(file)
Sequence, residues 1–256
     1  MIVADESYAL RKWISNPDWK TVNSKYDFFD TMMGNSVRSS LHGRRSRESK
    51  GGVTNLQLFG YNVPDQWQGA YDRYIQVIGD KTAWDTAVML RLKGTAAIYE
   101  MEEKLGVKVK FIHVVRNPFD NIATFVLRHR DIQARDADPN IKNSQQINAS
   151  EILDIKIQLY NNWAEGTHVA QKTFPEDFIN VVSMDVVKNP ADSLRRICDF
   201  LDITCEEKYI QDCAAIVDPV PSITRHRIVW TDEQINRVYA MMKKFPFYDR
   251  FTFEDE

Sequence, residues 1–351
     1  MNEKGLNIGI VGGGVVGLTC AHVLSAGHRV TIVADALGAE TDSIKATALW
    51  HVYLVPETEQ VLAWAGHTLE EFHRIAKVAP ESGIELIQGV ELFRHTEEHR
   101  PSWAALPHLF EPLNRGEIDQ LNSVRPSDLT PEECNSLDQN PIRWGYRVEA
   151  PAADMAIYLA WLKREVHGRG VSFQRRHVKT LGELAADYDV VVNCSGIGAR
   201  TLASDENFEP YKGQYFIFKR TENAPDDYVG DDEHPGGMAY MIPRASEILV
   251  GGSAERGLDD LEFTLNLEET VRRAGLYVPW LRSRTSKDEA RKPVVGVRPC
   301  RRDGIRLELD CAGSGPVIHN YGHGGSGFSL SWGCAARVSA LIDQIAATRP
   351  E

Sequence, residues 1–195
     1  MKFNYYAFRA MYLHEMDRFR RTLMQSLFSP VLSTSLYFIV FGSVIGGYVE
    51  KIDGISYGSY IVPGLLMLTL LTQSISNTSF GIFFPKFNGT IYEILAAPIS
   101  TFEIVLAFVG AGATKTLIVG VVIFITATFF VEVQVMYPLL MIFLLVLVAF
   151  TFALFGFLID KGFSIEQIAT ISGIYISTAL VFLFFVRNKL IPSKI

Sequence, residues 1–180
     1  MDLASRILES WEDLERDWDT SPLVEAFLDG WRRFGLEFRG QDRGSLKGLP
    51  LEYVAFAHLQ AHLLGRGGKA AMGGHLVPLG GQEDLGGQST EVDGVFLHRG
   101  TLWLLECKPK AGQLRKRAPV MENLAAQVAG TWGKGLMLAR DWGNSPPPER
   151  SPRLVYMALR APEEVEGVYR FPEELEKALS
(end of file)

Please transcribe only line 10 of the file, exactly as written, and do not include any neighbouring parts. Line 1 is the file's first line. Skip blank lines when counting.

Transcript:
    51  HVYLVPETEQ VLAWAGHTLE EFHRIAKVAP ESGIELIQGV ELFRHTEEHR